The name Compton may be a reference to a battle site in the war between the 'English' and the Danes around 900 AD
Compton is not only the name of a street but was originally the name of an area. It was a completely separate place and not administratively part of Ashbourne until 1873. The boundary of Compton with Ashbourne was the watercourse the Scolebrook or Henmore Brook which was a boundary before the Conquest in 1066. This is still the boundary between the two Shrovetide football teams.
Furthermore Compton itself was dived between two townships. The eastside of Compton was in Sturston and the westside was part of Clifton. Again this is of significance to Shrovetiders as the two goals are Sturston and Clifton Mills. Such a boundary must have been introduced before Compton was occupied and could be pre-1066. This boundary explains the rather curious wording used in 1898 to describe the two Lumbard brothers who lived on opposite sides of Compton. Edward Lumbard, of Lumbard’s Garage, was of ”Compton in the township of Sturston in the parish of Ashbourne” while his brother, who inherited the family’s butchery on the opposite side of the road, i.e. the west side, was of “Compton in the township of Clifton in the parish of Ashbourne”.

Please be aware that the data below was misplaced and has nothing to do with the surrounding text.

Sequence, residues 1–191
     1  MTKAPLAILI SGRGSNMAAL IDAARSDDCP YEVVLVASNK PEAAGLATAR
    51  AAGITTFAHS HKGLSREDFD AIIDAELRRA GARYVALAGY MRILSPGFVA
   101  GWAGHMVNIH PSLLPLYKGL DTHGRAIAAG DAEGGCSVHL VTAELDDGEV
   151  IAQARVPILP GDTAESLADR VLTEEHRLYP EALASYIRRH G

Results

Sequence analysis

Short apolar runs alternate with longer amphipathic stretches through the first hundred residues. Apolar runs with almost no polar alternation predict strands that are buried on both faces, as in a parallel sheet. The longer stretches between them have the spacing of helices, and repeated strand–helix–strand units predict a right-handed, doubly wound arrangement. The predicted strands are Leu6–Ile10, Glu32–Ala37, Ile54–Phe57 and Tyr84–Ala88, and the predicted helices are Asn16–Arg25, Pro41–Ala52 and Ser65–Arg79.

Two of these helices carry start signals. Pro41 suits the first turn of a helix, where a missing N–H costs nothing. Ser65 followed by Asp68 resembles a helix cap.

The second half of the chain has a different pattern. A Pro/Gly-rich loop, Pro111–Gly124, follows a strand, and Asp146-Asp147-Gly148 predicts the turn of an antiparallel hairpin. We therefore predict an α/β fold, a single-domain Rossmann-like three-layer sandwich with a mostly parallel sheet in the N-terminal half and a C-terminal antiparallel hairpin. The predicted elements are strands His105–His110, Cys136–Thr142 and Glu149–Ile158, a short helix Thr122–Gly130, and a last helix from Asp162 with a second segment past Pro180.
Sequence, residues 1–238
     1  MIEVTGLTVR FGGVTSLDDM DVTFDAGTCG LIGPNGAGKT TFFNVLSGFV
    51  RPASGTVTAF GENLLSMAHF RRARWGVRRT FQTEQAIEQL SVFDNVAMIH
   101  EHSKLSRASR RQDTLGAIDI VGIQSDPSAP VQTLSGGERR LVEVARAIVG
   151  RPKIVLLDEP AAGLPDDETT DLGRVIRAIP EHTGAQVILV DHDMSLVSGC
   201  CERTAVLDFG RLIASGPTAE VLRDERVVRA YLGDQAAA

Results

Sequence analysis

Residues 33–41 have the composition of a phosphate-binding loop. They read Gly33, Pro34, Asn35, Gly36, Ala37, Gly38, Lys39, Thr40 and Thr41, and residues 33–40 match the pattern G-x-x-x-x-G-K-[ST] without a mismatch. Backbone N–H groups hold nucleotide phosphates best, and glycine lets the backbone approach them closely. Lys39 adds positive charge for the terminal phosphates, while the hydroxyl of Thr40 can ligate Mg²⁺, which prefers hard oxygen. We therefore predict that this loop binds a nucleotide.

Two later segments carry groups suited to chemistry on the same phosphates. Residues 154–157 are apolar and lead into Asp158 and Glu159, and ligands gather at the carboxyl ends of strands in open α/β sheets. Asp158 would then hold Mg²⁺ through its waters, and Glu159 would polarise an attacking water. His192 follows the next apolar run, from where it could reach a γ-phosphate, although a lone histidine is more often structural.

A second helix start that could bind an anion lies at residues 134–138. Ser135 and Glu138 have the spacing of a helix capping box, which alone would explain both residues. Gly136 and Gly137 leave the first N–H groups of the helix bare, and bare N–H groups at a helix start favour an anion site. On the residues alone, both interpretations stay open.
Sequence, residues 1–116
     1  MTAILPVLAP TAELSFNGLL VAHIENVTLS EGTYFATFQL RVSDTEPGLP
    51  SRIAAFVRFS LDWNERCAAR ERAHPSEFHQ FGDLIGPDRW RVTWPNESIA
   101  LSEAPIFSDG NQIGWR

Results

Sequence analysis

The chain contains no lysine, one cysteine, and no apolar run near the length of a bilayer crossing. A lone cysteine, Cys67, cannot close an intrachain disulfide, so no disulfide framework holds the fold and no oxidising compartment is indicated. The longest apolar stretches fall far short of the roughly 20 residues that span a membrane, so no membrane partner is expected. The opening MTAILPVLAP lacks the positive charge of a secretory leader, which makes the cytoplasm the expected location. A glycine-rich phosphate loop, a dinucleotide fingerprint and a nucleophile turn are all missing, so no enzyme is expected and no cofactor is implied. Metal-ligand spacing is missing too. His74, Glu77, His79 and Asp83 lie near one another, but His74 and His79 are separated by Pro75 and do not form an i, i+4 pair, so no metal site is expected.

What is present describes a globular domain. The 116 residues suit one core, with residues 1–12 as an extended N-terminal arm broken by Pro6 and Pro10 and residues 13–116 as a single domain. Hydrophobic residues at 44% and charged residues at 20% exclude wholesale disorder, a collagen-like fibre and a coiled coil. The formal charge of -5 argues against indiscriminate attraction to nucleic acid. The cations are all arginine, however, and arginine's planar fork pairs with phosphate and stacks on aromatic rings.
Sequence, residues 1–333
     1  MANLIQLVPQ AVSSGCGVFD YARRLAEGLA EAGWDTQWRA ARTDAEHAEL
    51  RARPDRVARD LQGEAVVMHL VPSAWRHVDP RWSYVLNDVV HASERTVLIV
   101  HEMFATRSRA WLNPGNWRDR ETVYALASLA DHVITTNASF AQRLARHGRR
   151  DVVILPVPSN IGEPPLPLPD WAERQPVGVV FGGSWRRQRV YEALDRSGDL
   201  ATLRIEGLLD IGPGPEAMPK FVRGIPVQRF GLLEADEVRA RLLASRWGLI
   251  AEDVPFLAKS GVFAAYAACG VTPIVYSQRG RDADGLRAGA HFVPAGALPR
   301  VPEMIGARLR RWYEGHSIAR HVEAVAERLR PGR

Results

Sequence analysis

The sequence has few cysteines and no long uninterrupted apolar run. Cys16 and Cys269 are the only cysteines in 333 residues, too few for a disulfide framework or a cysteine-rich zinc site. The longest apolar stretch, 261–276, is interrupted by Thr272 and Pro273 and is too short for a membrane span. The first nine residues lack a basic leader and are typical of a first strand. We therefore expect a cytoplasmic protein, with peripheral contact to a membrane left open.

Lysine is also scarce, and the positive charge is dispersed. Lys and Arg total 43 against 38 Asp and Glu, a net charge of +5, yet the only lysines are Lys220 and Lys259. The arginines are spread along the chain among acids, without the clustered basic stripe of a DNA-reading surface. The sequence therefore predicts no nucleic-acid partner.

The name Compton (Campdene) may go back to before the Conquest. The name might mean ‘the valley where a fight occurred’. In the period 875 to 925 Ashbourne was on the border between the areas controlled by the English and the Danes. Derby was taken by the English in 917. So a skirmish around Compton is quite possible.
In the 1270's Ashbourne traders complied with The Assize of Bread and Ale, but had their prices undercut by Compton traders.
Probably the best known of the 15 remaining Festival Football games played in Britain, the game at Ashbourne is takes place throughout the streets each year on Shrove Tuesday and Ash Wednesday. The boundary between the two teams, Upards and Downards, is the Scolebrook/Henmore Brook.